Friendfield Plantation - Georgetown Georgetown County South Carolina SC

Friendfield Plantation – Georgetown – Georgetown County

Painting of Friendfield Plantation 1880 by Mary Warham Forster - Georgetown County, South Carolina
— Painting of Friendfield Plantation 1880 by Mary Warham Forster —
— Picture contributed by Evelyn Martin —

Basic Information

  • Location – Sampit River, Georgetown, Georgetown County

    Located on Friendfield Road off US 17/521, just outside the city of Georgetown.

  • Other names – Washington

  • Origin of name – Francis Withers lacked money and a loan was offered by his brother James. When Francis attempted to redeem the note, his brother tore it up and refused a cent. Because of this transaction, the place was named Friendfield (Plantation Tour).

  • Current status – Privately owned

Old Friendfield Plantation House, Date Unknown - Georgetown County, South Carolina
— Old Friendfield Plantation House, Date Unknown © Evelyn Martin —

Timeline

  • 1733 – Earliest known date of existence. John Ouldfield received a 630-acre grant along the Sampit River. His brothers-in-law, Thomas and Daniel LaRoche, acquired the property shortly after he received the grant (Linder & Thacker, p. 541).

  • 1734 – James Withers purchased the property from the LaRoche brothers.

  • 1735 – James Withers received a 120-acre grant and added it to the 630 acres. The Withers family acquired additional acreage so that its holdings included Washington (Friendfield), Mount Pleasant, Canaan, and Midway (Linder & Thacker, p. 541-546).

  • 1793 – A storm destroyed Francis' first rice crop, and friends came to his aid. He previously attended Harvard from 1788 to 1792. After graduating, Francis had moved to Georgetown County and began growing rice at Washington Plantation.

  • 1794 – According to tradition, Robert Francis Withers (grandson of James Withers) built a house on Mount Pleasant. The house was called Mount Pleasant or Silver Hill (Linder & Thacker, p. 542).

  • 1818 – Friendfield House was built by Francis Withers, another grandson of James Withers (National Register).

    The plantation was originally known as Washington. It was not until after 1818 that the name was changed to Friendfield, commemorating a delightful instance of brotherly love.

  • 1847 – Francis Withers (builder of Friendfield House) died and left his second wife, Sarah Postell Hunt, Friendfield Plantation which included Mount Pleasant, Midway, and Canaan. Mrs. Withers' eldest daughter (Elizabeth Warham Forster who had been adopted by Francis Withers) and son-in-law (Dr. Alexius Mador Forster III) also lived at Friendfield. When Francis Withers found himself to be in declining health, he began to transfer the management of the plantation to Dr. Alexius Mador Forster III whom assumed all duties upon Francis' death.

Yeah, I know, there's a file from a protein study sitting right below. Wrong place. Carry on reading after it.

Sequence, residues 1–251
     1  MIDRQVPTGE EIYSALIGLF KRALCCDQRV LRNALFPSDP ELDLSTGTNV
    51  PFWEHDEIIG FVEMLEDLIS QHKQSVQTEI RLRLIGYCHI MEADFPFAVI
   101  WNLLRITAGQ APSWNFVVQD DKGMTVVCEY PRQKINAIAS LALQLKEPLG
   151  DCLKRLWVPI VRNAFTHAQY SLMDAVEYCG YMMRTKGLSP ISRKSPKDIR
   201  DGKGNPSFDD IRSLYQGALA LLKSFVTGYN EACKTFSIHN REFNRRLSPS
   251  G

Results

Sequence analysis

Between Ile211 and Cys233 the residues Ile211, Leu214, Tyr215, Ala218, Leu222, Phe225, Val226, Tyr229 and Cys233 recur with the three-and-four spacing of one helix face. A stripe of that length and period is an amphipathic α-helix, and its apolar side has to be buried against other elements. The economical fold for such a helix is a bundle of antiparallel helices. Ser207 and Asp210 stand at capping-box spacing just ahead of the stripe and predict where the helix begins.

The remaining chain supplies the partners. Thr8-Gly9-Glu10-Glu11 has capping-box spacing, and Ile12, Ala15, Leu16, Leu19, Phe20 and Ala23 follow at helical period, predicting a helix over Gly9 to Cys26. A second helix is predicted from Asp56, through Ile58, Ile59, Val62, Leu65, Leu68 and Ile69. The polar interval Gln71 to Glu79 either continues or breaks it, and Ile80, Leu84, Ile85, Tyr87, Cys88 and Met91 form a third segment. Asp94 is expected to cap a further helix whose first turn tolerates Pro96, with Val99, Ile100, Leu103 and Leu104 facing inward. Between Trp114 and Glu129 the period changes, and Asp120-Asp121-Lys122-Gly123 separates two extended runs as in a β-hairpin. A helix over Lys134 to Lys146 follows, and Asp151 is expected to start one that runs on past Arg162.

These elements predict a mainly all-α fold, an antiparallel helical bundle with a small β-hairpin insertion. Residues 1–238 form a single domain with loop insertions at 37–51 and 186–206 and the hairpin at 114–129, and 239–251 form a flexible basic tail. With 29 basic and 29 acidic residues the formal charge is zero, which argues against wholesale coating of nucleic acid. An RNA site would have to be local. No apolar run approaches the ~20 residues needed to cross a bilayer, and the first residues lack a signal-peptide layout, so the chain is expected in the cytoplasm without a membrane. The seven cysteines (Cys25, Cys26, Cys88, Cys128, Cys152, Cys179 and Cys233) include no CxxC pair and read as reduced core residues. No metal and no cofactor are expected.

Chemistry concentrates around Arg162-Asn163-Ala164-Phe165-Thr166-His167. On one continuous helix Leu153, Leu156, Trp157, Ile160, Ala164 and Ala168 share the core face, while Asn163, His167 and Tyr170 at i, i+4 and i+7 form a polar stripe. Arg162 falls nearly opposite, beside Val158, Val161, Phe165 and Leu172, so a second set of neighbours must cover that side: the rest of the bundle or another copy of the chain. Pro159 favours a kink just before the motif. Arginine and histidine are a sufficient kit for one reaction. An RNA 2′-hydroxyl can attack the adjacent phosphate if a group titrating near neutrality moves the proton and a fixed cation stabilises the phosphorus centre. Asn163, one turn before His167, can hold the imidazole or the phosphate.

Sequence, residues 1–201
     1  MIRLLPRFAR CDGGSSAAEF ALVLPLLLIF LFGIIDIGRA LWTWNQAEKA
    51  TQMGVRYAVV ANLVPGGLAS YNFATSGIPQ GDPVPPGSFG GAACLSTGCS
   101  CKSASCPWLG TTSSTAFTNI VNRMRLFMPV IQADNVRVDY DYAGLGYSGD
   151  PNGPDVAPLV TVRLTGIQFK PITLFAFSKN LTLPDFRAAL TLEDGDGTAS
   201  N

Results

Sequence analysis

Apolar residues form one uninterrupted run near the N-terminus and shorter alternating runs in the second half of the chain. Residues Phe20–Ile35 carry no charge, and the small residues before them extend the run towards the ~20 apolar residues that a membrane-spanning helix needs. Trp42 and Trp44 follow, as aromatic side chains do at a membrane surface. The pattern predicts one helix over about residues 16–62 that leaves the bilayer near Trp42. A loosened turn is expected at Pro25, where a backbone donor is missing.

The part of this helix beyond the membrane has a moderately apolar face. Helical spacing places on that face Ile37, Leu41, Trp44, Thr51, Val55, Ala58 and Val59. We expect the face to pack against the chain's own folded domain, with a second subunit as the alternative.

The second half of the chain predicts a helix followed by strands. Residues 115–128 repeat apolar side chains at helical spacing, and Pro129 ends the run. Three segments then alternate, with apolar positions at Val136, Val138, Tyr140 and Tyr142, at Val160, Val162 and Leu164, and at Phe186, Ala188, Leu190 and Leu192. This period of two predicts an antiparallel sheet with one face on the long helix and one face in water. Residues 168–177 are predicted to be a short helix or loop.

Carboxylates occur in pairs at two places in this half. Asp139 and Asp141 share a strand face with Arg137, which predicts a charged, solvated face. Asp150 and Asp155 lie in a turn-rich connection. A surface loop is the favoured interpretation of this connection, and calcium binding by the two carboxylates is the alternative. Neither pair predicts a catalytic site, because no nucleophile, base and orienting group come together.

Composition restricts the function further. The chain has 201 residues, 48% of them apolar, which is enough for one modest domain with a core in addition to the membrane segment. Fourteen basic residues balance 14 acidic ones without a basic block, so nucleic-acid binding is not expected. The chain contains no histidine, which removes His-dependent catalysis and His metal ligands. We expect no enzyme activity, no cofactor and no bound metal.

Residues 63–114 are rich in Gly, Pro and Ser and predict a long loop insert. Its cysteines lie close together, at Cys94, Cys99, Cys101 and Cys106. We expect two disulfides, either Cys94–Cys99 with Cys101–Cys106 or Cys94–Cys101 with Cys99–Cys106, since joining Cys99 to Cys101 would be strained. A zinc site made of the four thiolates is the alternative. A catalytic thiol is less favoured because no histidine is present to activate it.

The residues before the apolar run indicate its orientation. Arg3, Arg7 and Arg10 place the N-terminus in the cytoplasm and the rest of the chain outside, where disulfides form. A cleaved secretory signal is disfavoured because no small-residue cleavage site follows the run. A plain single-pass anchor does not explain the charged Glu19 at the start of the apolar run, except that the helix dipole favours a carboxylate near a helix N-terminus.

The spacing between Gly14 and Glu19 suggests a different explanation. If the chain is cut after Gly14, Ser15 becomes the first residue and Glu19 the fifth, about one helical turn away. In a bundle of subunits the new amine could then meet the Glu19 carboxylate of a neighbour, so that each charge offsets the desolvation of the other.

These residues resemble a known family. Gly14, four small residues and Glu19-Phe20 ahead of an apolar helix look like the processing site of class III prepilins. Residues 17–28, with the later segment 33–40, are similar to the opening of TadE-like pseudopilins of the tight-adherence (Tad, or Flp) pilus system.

• 1879 – Mrs. Elizabeth Warham Forster began to sell off parts of Friendfield. Friendfield and Mount Pleasant were sold to B. Walker Cannon (Linder & Thacker, p. 546).

  • 1897-1919 – Friendfield and Mount Pleasant had many different owners who farmed the land. Patrick McClary owned Friendfield and made attempts to renovate the Friendfield House (Linder & Thacker, p. 546).

  • 1926 – Friendfield House was destroyed by fire, leaving only the raised brick basement (National Register).

  • 1930 – Mr. and Mrs. Radcliffe Cheston, Jr. of Philadelphia purchased Friendfield. The Chestons built a Colonial Revival style house on the site of the original Friendfield House. They used the original brick basement for the foundation (National Register). For the next 25 years the Chestons proceeded to reassemble Friendfield Plantation by purchasing Mount Pleasant, Midway, Canaan, Bonnyneck, and Westfield (now Waterfield) (Linder & Thacker, p. 546).

  • ? – Friendfield Plantation was owned by Frances Cheston Train and her ex son-in-law Daniel K. Thorne

  • 2009 – December 26, 2009 Milliken Forestry posted Friendfield Plantation as being for sale. Click here to view listing.
Friendfield Plantation - Slave Cabin, Date Unknown - Georgetown County, South Carolina
— Friendfield Plantation, Probably a Slave Cabin, Date Unknown © Evelyn Martin —

Land

  • Number of acres – 3,305 in 1995; about 2,000 in 2008; 3,264.6 in 2009

  • Primary crop – Rice historically, timber today

  • Cemetery

Owners

  • Alphabetical list – B. Walker Cannon (1897); Dr. and Mrs. Elizabeth Hunt Warham and Alexius Mador Forster; Thomas and Daniel LaRoche (1733); Daniel K. Thorne and Frances Cheston Train (2005); John Ouldfield (1733); Francis Withers (?-1847); James Withers (1734)

Slaves

  • Number of slaves – 273 (1860 census)

  • Michelle Obama's great-great-grandfather, Jim Robinson, was a slave at Friendfield Plantation. Read more here.

Buildings

Web Resources

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